Keep It in the Ground
It’s time to keep fossil fuels where they belong: in the ground
To avoid the worst impacts of climate change, we need to keep the world’s remaining fossil fuels in the ground. That means moving away from coal, oil, and natural gas, and towards a renewable energy future.
Tell JPMorgan chase to DEFUND dirty tar sands oil pipelines
Science has spoken: the path to a sustainable future for people, wildlife, and the climate does not include fossil fuels.
In fact, a 2015 study in the journal Nature revealed that we need to leave at least 80 percent of the world’s known remaining fossil fuel reserves in the ground to prevent runaway climate change. That includes more than 90 percent of U.S. coal reserves and a whopping 100 percent of Arctic oil and gas.
We can start by taking action to protect U.S. public lands. In 2014 alone, the fossil fuel energy produced from public lands included 706 million barrels of oil, 3.8 trillion cubic feet of natural gas and 421 million tons of coal, contributing billions of tons worth of carbon pollution.
Donald Trump and his climate-denying administration’s rise to power is a call to action — we will have to rise up even stronger to push for a clean energy revolution and stop new drilling in our communities.
There’s a reason that coal has been singled out in the fight to keep fossil fuels in the ground. It’s one of the most polluting energy sources out there, the single largest contributor to global warming, and makes us sick by polluting our air and water with toxic pollution like mercury.
Despite this, the U.S. government has a long history of giving away our public land to coal companies — so much that today, 40 percent of the coal mined in the United States belongs to taxpayers.
We stand with millions of Americans when they say this is a big mistake for the health of communities and our environment. The Obama administration took a step in the right direction when it announced a major overhaul of the federal coal program in 2016, a change that includes a moratorium on new coal leases on public land. That move alone will keep billions of tons of coal in the ground.
But Trump looks set on reversing course and moving us backwards towards dirty fossil fuels. If we want any chance at preventing catastrophic climate change, we have to resist his attempts to put coal on life support.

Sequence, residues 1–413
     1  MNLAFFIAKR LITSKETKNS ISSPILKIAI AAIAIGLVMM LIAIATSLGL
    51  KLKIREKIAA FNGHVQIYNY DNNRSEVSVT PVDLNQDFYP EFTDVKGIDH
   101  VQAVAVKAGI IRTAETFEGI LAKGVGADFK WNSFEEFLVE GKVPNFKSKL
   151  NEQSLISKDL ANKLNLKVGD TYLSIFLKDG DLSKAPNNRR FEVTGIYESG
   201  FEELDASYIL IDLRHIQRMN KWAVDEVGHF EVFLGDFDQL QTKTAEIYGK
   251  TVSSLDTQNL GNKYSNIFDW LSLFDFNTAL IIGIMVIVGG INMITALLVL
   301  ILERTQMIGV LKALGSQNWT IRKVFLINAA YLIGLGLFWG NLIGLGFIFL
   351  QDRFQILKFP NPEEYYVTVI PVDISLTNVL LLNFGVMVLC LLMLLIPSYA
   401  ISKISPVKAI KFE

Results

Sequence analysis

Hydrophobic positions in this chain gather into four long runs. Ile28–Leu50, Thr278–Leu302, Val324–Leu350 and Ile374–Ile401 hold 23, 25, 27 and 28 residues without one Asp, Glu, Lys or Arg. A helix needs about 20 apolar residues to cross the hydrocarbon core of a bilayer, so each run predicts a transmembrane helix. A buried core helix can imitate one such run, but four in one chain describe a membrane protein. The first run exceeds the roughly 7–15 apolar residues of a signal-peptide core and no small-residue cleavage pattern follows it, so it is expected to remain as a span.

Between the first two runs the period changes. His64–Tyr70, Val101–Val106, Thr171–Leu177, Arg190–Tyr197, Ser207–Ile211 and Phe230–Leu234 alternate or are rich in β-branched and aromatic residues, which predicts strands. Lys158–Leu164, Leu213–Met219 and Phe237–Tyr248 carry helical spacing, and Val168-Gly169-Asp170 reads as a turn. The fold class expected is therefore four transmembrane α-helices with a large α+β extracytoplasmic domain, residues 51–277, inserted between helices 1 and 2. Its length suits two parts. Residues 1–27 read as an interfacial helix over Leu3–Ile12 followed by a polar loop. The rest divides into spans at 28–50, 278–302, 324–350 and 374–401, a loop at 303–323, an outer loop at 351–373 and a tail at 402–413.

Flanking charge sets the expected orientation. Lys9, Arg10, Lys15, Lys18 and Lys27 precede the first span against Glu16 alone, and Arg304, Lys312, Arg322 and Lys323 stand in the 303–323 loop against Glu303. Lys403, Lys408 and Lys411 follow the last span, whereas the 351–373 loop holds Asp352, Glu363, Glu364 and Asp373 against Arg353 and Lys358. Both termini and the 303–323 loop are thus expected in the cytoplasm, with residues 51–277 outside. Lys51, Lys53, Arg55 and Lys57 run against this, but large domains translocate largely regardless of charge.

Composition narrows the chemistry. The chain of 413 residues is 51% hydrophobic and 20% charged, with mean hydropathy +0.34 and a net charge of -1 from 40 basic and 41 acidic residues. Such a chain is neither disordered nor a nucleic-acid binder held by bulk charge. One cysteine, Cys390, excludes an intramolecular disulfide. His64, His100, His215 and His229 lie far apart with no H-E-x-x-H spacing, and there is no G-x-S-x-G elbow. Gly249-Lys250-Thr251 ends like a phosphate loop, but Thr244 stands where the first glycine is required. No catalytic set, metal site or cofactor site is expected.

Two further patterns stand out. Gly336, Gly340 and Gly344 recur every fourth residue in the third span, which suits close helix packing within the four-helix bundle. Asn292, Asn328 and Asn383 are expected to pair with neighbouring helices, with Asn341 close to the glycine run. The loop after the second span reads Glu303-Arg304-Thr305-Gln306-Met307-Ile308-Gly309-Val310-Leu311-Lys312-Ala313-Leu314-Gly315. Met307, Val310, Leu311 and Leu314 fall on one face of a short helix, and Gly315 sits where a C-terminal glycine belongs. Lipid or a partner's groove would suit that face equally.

No Offshore Drilling
Our public lands aren’t the only critical battleground in the fight to phase out fossil fuels — offshore oil and gas drilling is a growing threat to our health and climate.
Big oil companies have profited from the exploitation of U.S. public land and water for decades. Their activities have not only devastated land and water that belongs to American taxpayers, but also pushed us steadily closer to climate chaos.
The industry’s greed only grows, fed by a clamor to exploit oil and gas reserves and continue to profit at the expense of people, wildlife, and the climate.
Take the Arctic, for example.
Due to global warming and melting sea ice, the oil deep in Arctic waters is now accessible for the first time. Corporations like Shell, ExxonMobil, and BP want to drill for it.
That’s right — oil that was once out of reach because the Arctic was frozen is now accessible because of climate change. And the very companies responsible for climate change want more oil to make climate change worse.
The good news is that your resistance has kept Arctic oil safe thus far. An incredible global movement forced Shell out of the Arctic in 2015 and prompted President Obama to make the U.S. Arctic off limits to oil drilling for two years. But to keep it that way, we need to keep the pressure on and prevent the Trump administration from rolling back these hard-fought protections.
Join the Movement to Keep Fossil Fuels in the Ground
With realities of climate change setting in, the last thing we need is more fossil fuels.
From the Arctic to the Gulf and everything in between, our call is united: keep it in the ground. This movement is riding a serious wave of momentum — let’s let this be the start of a revolution against fossil fuels.